yes there is more than one kind of nuclear reactor. Some are safer than others. Some are designed so that they only produce power under certain situations and turn themselves off when those aren't present.

  • Re:Fusion!? (Score:3, Informative)

    by Anonymous Coward on Sunday October 18, 2009 @07:31PM (#29787995)
    You're miseducated about nuclear to the point of hilarity.

    Some point on your comments:
    - "Lots of waste" - Jimmy Carter's ban on reprocessing means that we produce lots of waste. If we allowed reprocessing, we could take the stuff out of the ground, burn it to the point where there is no energy left in it, and put it back within 50 years.

    - "Containment issues" - Huh? If you reduce the amount of waste through reprocessing (see above) and glassify the rest, there is no issue.

    - "50-100 years of uranium" - completely wrong. We have 100 years worth at current economic recovery levels. Because the fuel is such a minor part of the total cost equation of a plant, we can sustain a 1000x increase in the cost of uranium and it'll still mean we should use the fuel. Combine thorium breeder reactors, and we have something like 10,000 years of energy assuming 5% demand growth per year.

    - "have to mine a mountain" - The coal the US burns for power has more available energy in the uranium & thorium deposits within the coal than can be obtained by burning the coal. It doesn't take mountains to mine for coal.

    Seriously, do some reading that didn't come from Greenpeace.
  • Re:Fusion!? (Score:1, Informative)

    by Anonymous Coward on Sunday October 18, 2009 @08:02PM (#29788167)

    "the only problems with nuclear power involved two incidents with 30 and 40 year old reactor designs where even then didn't come close to the kill score that coal has"

    Unfortunately, while Chernobyl didn't entail an immediate large body count, the countryside is pretty well ****'ed for quite some time to come.

    And, of course, the total body count isn't in yet, since there are still idiots who hang around there.

  • Re:Fusion!? (Score:2, Informative)

    by JavaBasedOS (1217930) on Sunday October 18, 2009 @08:31PM (#29788345)

    Well, Coal hasn't yet destroyed a whole city ...

    Yes, it has. [wikipedia.org] Let's not forget the countless people that received suffered from black lung [wikipedia.org] or have died in collapsing mine tunnels, asphyxiation from odorless toxic gasses, among other things...

  • Re:Fusion!? (Score:3, Informative)

    by wizardforce (1005805) on Sunday October 18, 2009 @08:57PM (#29788485) Journal

    It's safe because the risk of using nuclear technology is a lot lower than the alternative of building a bunch of new coal plants that spew carcinogens, green house gases and far more radioactive material into the air than any nuclear reactor accident ever has.

  • by slyborg (524607) on Sunday October 18, 2009 @10:24PM (#29788983)

    So, they're avoiding the problem of confining the plasma, which clearly is impossible with a 1G K plasma without it being inside a supergiant star. However, Todd Rider's excellent, albeit depressing, papers on this topic seem open and shut on the prospects of generating net power out of a non-equilibrium reactor. Particularly with the p-B reaction, you lose all the net power to brehmstrahllung.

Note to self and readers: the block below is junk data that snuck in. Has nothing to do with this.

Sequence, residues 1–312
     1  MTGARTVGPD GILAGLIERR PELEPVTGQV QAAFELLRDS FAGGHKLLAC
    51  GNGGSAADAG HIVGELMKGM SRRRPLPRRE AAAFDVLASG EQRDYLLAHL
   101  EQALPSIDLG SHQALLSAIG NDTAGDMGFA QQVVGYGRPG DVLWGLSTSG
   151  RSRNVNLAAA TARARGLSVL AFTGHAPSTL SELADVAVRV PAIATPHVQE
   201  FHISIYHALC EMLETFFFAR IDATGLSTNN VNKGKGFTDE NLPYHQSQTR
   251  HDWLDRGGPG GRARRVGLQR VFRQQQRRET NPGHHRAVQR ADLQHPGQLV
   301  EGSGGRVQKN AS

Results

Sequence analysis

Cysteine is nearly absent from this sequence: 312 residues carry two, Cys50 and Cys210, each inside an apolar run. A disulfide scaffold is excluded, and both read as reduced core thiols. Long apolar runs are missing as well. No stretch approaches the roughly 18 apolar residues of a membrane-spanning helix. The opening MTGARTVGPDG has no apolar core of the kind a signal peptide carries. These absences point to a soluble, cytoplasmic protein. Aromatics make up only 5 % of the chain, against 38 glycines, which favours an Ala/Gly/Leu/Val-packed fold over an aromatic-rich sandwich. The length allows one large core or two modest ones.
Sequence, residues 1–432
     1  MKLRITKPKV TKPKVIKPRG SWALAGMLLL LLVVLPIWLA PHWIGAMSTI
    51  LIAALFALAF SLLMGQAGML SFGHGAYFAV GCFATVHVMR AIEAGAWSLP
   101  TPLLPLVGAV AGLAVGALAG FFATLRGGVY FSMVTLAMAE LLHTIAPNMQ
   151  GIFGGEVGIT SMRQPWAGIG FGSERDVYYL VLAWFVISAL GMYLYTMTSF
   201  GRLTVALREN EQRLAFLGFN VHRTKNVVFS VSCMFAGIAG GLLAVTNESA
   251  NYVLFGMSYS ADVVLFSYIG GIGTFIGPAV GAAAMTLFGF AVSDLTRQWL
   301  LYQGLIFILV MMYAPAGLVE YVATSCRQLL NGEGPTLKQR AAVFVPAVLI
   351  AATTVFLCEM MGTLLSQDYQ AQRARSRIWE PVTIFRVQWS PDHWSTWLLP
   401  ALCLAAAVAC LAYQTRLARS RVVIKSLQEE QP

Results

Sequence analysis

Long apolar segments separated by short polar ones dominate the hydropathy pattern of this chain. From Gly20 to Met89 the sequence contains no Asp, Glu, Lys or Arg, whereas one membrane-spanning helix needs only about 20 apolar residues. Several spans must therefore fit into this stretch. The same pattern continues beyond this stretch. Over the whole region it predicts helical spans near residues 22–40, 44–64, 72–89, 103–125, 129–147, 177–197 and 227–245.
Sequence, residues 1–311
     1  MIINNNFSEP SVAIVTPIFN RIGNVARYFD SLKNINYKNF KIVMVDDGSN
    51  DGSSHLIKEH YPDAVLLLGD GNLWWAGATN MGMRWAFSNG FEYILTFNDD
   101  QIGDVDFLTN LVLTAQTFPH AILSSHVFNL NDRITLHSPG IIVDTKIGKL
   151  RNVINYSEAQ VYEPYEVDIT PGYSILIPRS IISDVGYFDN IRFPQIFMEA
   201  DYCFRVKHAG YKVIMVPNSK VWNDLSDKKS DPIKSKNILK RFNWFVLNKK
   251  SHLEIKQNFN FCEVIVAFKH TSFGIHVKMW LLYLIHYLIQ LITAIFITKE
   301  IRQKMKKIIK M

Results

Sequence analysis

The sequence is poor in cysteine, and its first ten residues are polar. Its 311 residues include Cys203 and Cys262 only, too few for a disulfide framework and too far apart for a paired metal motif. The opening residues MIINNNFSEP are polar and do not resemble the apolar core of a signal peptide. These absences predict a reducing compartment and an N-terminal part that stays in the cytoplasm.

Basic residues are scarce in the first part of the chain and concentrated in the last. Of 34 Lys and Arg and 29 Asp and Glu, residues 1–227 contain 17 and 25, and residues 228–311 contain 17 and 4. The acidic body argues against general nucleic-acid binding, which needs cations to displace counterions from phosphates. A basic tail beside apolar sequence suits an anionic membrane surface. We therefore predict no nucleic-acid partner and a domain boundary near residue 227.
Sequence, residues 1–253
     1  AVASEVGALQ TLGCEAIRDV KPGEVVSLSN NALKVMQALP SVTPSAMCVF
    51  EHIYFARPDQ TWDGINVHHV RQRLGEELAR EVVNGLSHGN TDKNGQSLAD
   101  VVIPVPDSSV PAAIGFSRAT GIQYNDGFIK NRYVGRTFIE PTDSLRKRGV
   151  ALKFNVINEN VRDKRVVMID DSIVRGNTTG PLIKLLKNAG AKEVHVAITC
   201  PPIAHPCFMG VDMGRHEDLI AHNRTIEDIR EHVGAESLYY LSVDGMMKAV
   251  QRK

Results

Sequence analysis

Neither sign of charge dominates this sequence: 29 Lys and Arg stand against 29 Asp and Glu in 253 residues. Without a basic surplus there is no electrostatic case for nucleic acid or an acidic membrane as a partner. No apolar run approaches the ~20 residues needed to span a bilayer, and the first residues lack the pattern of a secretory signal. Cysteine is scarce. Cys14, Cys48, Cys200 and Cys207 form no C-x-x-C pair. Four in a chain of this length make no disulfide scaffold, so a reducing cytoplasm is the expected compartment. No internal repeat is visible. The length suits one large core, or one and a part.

Lerner has done good PR, and I suspect he means well, but he's wasting his time. There isn't a magic reactor, dense or otherwise focused that will evade the physics.

    Links to the Rider's papers on this topic at following link.
    http://www.fusor.net/board/view.php?bn=fusor_future&key=1181660470 [fusor.net]

  • Re:Fusion? (Score:3, Informative)

    by Teancum (67324) <robert_horning@n ... t ['etz' in gap]> on Sunday October 18, 2009 @11:32PM (#29789475) Homepage Journal

    Free neutrons can be considered an isotope of "Neutronium", an element with an atomic number of zero.

    In listings of nuclides that attempt to be a complete table such as this one on Wikipedia [wikipedia.org] usually list neutrons and even some interesting combinations of neutrons that even seem to indicate multiple isotopes of Neutronium.

    Still, I would have to agree with your main point that the breakdown of Uranium is typically considered a form of fission rather than fusion.

  • Another interesting thing about 'aneutronic' fusion is that you can do direct power conversion.

    As the previous poster said, D-T fusion releases much of its energy in the form of fast neutrons. In order to convert this energy into electricity, you have to get the fast neutrons to heat up a fluid and then run a turbine or run some other thermal process.

    If your energy is largely in fast He nuclei, these are charged, and you can convert the energy directly into electricity in several ways, like just running these charged nuclei up against a high voltage. (There are other better schemes).

    That means you can get power with no expensive steam generation cycle--though since you probably need to cool the reactor anyway you may as well extract some power from the coolant as well. However, the whole cycle can be more efficient.

    --PeterM

  • Re:complete strawman (Score:3, Informative)

    by myrdos2 (989497) on Monday October 19, 2009 @12:29AM (#29789985)
    Estimates of the true cost of nuclear energy (from newly built plants) varies from 6.7 to 8.4 cents per kilowatt hour. The wikipedia page has a very detailed, in-depth look at the issue. http://en.wikipedia.org/wiki/Economics_of_new_nuclear_power_plants [wikipedia.org]

    Some choice quotes: